Grammatically speaking, For and Since are both prepositions which can be used in a sentence to express a specific time or period of time depending on the context.
Many believe these prepositions can be used interchangeably but as a matter of fact, that’s not true.
In fact, this is one of the common English errors I’ve seen people commit while expressing themselves on social media websites.
So, what’s the difference between For and Since and how do you use them correctly while talking about time?
Let’s some examples:
Incorrect: I haven’t seen him for last week.
Correct: I haven’t seen him since last week.
Incorrect: She has been suffering from fever since past two weeks.
Correct: She has been suffering from fever for past two weeks.
Since – a Specific Point of Time
You use Since when you talk about a specific point of time in the past around which an event took place. In Example #1 above, “Last Week” is the specific point of time around which the person was last seen. Remember Whatsapp?
Some more examples:
I’ve been missing you since you were gone.
She’s been feeling a bit dizzy since yesterday.
Have you been behaving this way since childhood?
He’s been much better since he quit smoking.
I’ve never liked her since the first time I saw her.
If you pay attention to the underlined phrases in the examples above, you will realize they are actually a specific of time and not a length or period of time.
Important: Note that we use “Perfect Progressive” tense in all of the above examples. That’s because we mean to talk about something which has been occurring from a specific point of time and hasn’t actually stopped happening as we speak.
Therefore, it’s imperative to use this tense every time you use Since to talk about a period of time.
For – a Period of Time in the Past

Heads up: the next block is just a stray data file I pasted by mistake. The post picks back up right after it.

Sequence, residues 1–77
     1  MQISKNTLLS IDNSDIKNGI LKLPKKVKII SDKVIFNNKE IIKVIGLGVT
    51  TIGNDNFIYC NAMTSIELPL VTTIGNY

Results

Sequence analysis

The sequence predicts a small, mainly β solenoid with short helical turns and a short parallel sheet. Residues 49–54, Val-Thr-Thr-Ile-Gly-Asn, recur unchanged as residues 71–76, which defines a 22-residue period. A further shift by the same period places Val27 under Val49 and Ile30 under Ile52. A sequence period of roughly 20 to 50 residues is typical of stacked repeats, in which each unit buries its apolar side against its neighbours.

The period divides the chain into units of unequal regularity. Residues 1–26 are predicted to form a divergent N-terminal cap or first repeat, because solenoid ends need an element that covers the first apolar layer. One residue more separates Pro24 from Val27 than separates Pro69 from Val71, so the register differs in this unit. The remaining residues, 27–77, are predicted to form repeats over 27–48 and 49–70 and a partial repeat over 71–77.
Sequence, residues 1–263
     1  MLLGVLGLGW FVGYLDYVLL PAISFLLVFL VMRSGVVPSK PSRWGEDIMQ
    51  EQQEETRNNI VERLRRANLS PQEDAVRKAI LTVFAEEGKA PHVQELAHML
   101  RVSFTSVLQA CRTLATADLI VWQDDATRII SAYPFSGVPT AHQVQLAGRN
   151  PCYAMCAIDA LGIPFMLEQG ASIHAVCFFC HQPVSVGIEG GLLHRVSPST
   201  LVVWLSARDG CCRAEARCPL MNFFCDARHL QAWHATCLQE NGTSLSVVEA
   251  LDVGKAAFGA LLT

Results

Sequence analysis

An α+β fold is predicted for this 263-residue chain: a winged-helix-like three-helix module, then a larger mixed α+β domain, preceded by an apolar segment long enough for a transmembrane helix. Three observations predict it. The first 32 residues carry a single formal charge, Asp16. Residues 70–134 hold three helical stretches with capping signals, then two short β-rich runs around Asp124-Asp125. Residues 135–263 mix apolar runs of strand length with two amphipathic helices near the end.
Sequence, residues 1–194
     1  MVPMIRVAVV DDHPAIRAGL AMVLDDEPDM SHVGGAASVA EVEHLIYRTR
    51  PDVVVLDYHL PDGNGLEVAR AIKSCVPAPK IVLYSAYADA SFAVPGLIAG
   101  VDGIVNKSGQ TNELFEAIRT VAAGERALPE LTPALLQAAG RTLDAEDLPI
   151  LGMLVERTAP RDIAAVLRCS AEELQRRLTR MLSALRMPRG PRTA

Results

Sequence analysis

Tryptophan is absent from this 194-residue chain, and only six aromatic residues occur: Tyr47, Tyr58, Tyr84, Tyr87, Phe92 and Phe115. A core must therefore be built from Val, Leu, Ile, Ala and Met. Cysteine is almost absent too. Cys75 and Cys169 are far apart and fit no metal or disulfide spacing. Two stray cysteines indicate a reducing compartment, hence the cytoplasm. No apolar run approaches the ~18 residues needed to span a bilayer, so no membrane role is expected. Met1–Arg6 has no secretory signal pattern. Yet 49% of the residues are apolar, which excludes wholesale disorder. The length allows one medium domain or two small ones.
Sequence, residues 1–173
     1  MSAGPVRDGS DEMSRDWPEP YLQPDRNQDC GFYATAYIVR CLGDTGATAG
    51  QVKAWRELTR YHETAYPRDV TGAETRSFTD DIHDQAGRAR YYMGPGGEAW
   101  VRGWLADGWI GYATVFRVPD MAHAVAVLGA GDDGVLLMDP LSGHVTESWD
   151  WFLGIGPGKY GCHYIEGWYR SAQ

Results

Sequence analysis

You use For when you want to talk about a period of time or length of time in the past from which an event has taken place. In Example #2 above, “Past two weeks” is the period of time for which the person has been suffering.
Some more examples:
India hasn’t conceded a boundary for the last ten overs. (in Cricket)
I’ve been meaning to tell you the truth for the past six months!
The Government has been fooling its people for the past three years.
As you can see, the underlined parts in the above examples indicate a period of time, as against a specific point of time.
Important: Note that we use a “Perfect Progressive” tense in all of the examples above. This is because we talk about an event which has been happening for a period of time and it hasn’t stopped occurring yet.
How to Avoid Mistakes while using For vs Since
The trick is to understand what a particular phrase actually means before using the right preposition.
There are many situations which may confuse some learners especially those who don’t use English as their first language.
For example, can you say which of the sentences below is correct?
I’ve been working on this task since a long time.
I’ve been working on this task for a long time.
Well, the second example is the right answer. However, if Google it, you will see this actually confuses many learners.
The reason is some “a long time” may appear like a specific point of time to some while many agree it’s only a period of time in the strict sense.
Even as some users try to use “a long time ago” to mean a specific point of time. For example:
I’ve been living here since a long time ago.
However, it’s still not acceptable in Standard English because the point of time is not very specific here. Unless you specifically want to be secretive about the specific date, you should use for example, since 2010 (date) or last year to denote the specific time.
The good news is you can alter the sentence structure and use both Since and For as per your convenience depending on the message you want to send.
Example #1: I’ve been standing in line for the past two hours.
Example #2: I’ve been standing in line since it was very cold in the morning and ticket counter wasn’t open.
As you can see the second sentence makes a very strong argument.
Recommended Reading: Past Year vs Last Year: Which One is Correct?